Featured on the blog today is this lovely vintage Rolex Oyster Royal 6426 Calibre 1215. This particular watch was produced in 1955 according to its serial number, and it is powered by the excellent and beautifully finished Rolex Calibre 1215: a manual wind movement, with centre sweep second, Breguet hairspring and shock resistant settings on both balance and escape wheel, a very nice spec for that era.
Continue reading “Rolex Oyster Royal 6426 Calibre 1215 – Service”
Nick sent me this vintage Longines watch for a service and restoration. I have already featured an almost identical watch on the blog in this article. The service on that particular watch had been perfectly straightforward, but in the case of Nick’s watch it turned out to be a little more complicated as you are about to find out….
Continue reading “Longines Calibre 12.68Z model 7033-4 – Service and restoration”
On the blog today is a vintage Chronograph by American watch company Waltham. It is powered by a Valjoux 7733. “Valjoux” was a manufacturer named after the “Vallee du Joux” in Switzerland, primarily known for its Ebauche Chronograph movements, and widely used by many manufacturers in the 1970’s. The Valjoux 7733 is a cam type Chronograph (as opposed to Column wheel type), with a horizontal clutch mechanism. It was produced in very large numbers, and over the years has earned itself a well deserved reputation for reliability and robustness.
Continue reading “Waltham Chronograph Valjoux 7733 – Service”
Silas sent me this rather lovely Cyma Navystar watch for a service. He reported very poor timekeeping (about 20min/day fast) and the crown did not sit flush against the case, so the watch was definitely in need of attention.
The watch is powered by Cyma’s calibre R.459, which uses the interesting antishock device called “Cymaflex”, more on that later.
Continue reading “Cyma Navystar Cymaflex R.459 – Service & Repair”
This week under the loupe I have another very interesting vintage watch with this 9ct gold case Omega Calibre 285. The owner, David, sent me the watch for a service and a bit of TLC. The watch belonged to his late father, and was an engagement present from his mother, so needless to say it has huge sentimental value to David. The serial number dates the production of the watch to 1961.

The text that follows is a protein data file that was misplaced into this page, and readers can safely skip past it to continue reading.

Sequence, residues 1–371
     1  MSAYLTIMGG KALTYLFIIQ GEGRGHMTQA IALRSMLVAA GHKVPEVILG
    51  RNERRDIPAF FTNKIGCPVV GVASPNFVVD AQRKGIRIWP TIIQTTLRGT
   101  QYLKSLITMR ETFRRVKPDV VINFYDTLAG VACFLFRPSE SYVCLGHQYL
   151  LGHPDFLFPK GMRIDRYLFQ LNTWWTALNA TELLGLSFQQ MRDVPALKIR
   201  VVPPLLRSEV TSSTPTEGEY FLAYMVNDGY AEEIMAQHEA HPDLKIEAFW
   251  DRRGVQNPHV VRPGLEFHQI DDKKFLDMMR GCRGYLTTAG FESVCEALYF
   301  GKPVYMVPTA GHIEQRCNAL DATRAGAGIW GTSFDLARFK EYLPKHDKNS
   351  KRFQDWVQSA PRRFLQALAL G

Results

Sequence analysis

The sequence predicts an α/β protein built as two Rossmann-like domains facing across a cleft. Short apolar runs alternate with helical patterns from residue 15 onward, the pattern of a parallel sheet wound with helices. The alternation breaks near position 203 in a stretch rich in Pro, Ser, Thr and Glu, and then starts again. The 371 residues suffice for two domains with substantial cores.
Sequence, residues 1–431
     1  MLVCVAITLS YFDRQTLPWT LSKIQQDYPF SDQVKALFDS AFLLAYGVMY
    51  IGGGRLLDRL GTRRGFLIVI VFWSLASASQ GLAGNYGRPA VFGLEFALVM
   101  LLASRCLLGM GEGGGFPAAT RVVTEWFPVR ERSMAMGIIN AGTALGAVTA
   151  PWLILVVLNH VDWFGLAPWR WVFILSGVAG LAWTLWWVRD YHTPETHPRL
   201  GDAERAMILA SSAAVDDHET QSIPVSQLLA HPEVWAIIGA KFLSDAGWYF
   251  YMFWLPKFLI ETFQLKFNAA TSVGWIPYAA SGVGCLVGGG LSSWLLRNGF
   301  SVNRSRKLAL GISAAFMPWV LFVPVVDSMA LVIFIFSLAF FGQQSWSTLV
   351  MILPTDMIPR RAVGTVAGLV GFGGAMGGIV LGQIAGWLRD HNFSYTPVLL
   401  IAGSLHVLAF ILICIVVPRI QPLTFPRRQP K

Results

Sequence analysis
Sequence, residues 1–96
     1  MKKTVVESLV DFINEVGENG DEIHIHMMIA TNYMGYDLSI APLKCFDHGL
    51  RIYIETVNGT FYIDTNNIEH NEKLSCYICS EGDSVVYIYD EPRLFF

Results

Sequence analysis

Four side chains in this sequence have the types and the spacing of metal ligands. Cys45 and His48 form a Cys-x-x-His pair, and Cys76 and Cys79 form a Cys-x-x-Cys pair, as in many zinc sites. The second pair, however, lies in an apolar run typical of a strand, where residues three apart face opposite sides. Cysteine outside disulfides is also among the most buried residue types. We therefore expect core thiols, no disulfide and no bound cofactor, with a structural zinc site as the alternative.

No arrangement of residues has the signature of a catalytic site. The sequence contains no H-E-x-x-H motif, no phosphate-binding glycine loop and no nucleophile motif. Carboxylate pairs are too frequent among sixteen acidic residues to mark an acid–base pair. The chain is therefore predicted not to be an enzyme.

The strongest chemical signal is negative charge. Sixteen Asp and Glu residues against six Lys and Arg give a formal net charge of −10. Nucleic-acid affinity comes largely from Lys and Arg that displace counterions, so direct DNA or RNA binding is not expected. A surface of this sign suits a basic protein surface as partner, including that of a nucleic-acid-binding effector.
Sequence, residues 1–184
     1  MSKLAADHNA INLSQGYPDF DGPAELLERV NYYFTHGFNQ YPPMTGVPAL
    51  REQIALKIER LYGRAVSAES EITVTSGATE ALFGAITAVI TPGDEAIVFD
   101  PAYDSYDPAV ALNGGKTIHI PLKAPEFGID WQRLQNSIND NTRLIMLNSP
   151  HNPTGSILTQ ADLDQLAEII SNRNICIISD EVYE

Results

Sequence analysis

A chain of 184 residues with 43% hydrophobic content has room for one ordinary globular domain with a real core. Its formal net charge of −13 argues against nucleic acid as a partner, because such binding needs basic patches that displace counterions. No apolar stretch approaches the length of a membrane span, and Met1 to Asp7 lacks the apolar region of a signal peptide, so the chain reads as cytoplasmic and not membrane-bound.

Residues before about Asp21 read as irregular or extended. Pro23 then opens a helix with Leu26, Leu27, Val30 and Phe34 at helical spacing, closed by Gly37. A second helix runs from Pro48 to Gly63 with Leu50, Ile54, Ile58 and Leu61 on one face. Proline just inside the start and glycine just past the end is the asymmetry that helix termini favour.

Continue reading “Omega Calibre 285 9ct gold watch- Service”
Today on the blog is this Omega Seamaster 600 model 135.011 in need of a bit of TLC. I purchased this watch at a local auction with the intention to return it to its former glory. The watch dates from 1965, and it is powered by the manual wind Omega Calibre 601, an excellent movement capable of great performance.
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Willy gave me this watch for a repair and service. It is powered by the Omega Calibre 26.5, and was produced during WW2, somewhere between 1939 and 1944 according to its serial number. The watch belongs to his father in law, and will be a present for Willy’s son’s 40th birthday.
The brief was to keep the watch as original as possible, which is like music to my ears. Although this watch could be restored to near new condition, it has aged rather beautifully and it would be a shame to lose its character.
The watch came as a non runner.
Continue reading “Omega 2165 Calibre 26.5 Repair & Service”
Here is another British military watch on the blog, this time it is a CWC W10. I recently wrote about the “modern” CWC GS Automatic in this link .
The watch I am featuring today was the original issued watch which inspired the above. It was issued to the British troops from 1976 onwards. This particular watch was issued in 1980, which happens to be the last year of production for this model.
The watch is powered by the manual wind ETA 2750 movement, and has the optional hacking feature. This was required under the specification of the Ministry Of Defence. It is easy to understand the benefit of a hacking function: allowing the troops to synchronise their watches is fundamental for carrying out coordinated actions in the field.
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This Omega Calibre 1030 was in need of a service. The watch was manufactured in 1978. It has a 9ct solid gold case, which is a “front loader” design with no removable case back, like many Omegas of the era. I think Omega produced some of the best dress watch designs in the 1970’s, and this one is a very good example, elegant and timeless.
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This Waltham pocket watch required a service and crystal replacement. It was running, but not very well at all, timekeeping was out by several minutes a day and the balance wheel had very poor amplitude.
It was approximately 81 years old at the time of writing: Production dated year 1936, according to the Waltham “Gray Book” List.
The watch is in very good condition given its age. It is cased in a gold filled case by British maker Dennison. This particular case is made of a base metal sandwiched between two plates of 0.036mm thick 9 carat gold. It is their “star” grade which at the time was guaranteed for 10 years. The quality of the plating by Dennison has stood the test of time as it is still in good condition, with very little base metal visible.
Continue reading “WALTHAM Pocket Watch 9 jewels model 1908 16S – Service & Repair”